Gold and Silver's Daily Review for 3rd November 2010

goldforcaster2

The gold and silver market ignored the U.S. mid-term elections as the dollar sat at $1.403: 1€ in London ahead of the gold Fix at $1,358.5, fifty cents higher than before the election results started to come in.   It was clear that the result came as no surprise to anybody.


Looking in from outside the impression given is that the current government will be emasculated.   Will it be able to make decisions and implement them when needed?   We see the result as bad for the U.S. economy because an excessive burden is being thrown onto the Fed, which just does not have the tools necessary to resolve the U.S.'s economic problems.   The further outsider's impression is that the Republicans and the Democrats will not have sufficient unity to handle the expected crises that lie ahead.   All in all, the election results were gold and silver positive.

Apart from covering the gold markets Gold Forecaster and Silver Forecaster addresses macro-economic factors from oil to currencies covering subjects that directly affect or influence the gold price.   It is a "must-read" for all who want to understand gold.   It helps you understand the why of the gold & silver price moves.  [We also cover platinum in the Silver Forecaster too].   Without understanding can you successfully profit from these markets?   Subscribe through www.GoldForecaster.com & www.SilverForecaster.com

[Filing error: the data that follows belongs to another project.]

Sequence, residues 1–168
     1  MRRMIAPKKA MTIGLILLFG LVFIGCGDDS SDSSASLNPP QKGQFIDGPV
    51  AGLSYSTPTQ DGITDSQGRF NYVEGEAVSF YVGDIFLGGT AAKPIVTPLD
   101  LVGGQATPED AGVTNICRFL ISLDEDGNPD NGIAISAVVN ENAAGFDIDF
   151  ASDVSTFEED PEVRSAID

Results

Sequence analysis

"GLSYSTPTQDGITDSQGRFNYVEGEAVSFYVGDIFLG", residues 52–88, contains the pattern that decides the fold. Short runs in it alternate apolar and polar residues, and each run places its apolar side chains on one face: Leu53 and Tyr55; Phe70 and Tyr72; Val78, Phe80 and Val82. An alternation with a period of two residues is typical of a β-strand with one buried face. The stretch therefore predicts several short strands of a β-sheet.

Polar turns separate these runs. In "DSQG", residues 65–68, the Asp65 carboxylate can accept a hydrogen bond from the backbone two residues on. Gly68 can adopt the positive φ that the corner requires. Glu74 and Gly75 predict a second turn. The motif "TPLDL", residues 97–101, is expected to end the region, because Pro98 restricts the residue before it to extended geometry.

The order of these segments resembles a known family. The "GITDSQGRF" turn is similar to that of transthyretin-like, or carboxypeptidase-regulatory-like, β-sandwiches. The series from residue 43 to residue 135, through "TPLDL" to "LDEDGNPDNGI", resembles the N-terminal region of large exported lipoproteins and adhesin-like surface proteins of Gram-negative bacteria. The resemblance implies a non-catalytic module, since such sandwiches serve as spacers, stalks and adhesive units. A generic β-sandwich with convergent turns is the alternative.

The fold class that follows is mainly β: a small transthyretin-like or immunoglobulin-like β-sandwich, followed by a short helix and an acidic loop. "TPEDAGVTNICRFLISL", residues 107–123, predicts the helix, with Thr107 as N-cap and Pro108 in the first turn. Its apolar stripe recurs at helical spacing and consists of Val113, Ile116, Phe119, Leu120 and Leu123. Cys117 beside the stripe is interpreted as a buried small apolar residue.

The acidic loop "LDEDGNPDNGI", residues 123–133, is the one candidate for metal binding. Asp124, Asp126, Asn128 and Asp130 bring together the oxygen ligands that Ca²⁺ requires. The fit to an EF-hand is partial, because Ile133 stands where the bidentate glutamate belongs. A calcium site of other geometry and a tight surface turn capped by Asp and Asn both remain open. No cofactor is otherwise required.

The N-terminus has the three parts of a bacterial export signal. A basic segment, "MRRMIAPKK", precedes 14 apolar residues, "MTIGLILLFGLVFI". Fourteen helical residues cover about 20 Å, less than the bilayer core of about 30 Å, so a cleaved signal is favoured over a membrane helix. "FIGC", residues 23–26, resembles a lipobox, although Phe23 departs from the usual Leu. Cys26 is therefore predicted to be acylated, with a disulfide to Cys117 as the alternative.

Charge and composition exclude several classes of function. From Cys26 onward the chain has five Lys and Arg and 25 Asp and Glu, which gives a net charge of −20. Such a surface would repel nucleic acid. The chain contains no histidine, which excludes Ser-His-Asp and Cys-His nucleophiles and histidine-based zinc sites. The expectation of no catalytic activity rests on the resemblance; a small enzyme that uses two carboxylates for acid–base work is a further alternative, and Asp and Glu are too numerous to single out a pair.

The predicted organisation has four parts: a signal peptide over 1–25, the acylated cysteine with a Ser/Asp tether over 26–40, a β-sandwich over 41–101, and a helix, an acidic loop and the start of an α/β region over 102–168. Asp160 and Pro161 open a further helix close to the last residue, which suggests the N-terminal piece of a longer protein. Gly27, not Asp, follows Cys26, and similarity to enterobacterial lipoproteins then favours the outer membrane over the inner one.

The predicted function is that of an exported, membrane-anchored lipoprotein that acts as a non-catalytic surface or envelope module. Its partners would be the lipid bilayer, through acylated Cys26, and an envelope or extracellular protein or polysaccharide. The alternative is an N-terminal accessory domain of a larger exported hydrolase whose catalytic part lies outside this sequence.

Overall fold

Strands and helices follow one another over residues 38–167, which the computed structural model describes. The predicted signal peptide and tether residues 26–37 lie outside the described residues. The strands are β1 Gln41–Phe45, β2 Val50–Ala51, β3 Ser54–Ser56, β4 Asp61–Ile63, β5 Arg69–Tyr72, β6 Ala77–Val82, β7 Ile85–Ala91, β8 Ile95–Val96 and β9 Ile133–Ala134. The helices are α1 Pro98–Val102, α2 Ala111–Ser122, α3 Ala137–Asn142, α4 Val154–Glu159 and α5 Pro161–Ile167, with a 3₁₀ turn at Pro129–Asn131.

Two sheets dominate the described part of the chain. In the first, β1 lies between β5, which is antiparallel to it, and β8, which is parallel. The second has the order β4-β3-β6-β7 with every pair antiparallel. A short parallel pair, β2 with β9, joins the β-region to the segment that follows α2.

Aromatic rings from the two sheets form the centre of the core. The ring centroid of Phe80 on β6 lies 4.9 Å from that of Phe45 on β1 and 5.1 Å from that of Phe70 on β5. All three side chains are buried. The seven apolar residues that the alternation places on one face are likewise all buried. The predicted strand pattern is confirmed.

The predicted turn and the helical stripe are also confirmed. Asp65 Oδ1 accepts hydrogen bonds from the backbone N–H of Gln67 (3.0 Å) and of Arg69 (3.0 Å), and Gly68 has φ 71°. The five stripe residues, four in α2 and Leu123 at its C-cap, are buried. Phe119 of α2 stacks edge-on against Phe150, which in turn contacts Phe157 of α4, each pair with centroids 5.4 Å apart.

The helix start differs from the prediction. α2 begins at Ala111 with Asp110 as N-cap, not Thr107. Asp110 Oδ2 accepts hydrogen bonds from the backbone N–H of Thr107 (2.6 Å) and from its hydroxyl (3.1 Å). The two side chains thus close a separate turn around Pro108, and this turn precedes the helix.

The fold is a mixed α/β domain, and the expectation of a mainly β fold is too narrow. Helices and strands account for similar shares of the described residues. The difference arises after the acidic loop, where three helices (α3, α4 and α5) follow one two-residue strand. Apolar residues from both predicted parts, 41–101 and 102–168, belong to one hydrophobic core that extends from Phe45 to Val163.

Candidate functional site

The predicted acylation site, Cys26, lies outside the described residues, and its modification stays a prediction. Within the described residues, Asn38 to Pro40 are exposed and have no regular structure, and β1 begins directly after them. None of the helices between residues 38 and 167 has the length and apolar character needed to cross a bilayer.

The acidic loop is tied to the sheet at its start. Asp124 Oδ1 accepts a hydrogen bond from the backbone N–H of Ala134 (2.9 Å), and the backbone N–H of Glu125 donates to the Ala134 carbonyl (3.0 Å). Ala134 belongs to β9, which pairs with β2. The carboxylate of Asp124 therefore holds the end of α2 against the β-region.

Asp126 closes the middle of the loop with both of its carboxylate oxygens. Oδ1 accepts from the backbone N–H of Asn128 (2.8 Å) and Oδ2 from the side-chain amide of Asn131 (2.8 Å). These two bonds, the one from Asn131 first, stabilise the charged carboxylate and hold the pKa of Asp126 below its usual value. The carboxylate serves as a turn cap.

Gold – Very Short-term

Ahead of the Fed's announcement we expect gold and the dollar to continue to move sideways.   Then expect a burst of activity.   We expect little action until towards the second half of the week.

Silver – Very Short-term

Ahead of the Fed's announcement we expect gold and the dollar to continue to move sideways.   Then expect a burst of activity.   We expect little action until towards the second half of the week.

Gold Price Drivers

For the next few days we expect the gold price to move in the opposite direction to the dollar, until markets feel that the overall realities of the negatives in the Eurozone and in the U.S. warrant moving away from this almost irrelevant exchange rate.

After all how can the financial situation in one against the other bloc dictate the gold price?    Surely it should reflect the sum total of the both?

We are led to believe that it is only a matter of time before the Eurozone Sovereign Debt Crises suppurate again.   With a 'hung' U.S. government we expect volatility and a lower dollar exchange rate.   Can Mr. Bernanke change this?   To us, the firm foundation that we need for a sound future has just received another gold and silver positive blow.

Regards,

Julian D.W. Phillips